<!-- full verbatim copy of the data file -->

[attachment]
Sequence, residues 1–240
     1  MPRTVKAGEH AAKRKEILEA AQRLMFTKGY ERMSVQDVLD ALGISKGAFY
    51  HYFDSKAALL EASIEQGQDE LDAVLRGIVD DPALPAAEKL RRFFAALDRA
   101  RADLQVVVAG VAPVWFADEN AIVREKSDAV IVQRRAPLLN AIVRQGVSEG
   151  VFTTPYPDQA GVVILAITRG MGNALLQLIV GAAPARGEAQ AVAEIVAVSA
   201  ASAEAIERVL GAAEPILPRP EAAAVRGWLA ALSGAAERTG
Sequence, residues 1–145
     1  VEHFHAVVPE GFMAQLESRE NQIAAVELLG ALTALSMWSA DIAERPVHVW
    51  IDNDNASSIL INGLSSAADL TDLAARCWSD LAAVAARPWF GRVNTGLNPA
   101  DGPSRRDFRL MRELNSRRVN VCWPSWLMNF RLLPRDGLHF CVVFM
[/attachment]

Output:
Sequence, residues 1–240
     1  MPRTVKAGEH AAKRKEILEA AQRLMFTKGY ERMSVQDVLD ALGISKGAFY
    51  HYFDSKAALL EASIEQGQDE LDAVLRGIVD DPALPAAEKL RRFFAALDRA
   101  RADLQVVVAG VAPVWFADEN AIVREKSDAV IVQRRAPLLN AIVRQGVSEG
   151  VFTTPYPDQA GVVILAITRG MGNALLQLIV GAAPARGEAQ AVAEIVAVSA
   201  ASAEAIERVL GAAEPILPRP EAAAVRGWLA ALSGAAERTG
Sequence, residues 1–145
     1  VEHFHAVVPE GFMAQLESRE NQIAAVELLG ALTALSMWSA DIAERPVHVW
    51  IDNDNASSIL INGLSSAADL TDLAARCWSD LAAVAARPWF GRVNTGLNPA
   101  DGPSRRDFRL MRELNSRRVN VCWPSWLMNF RLLPRDGLHF CVVFM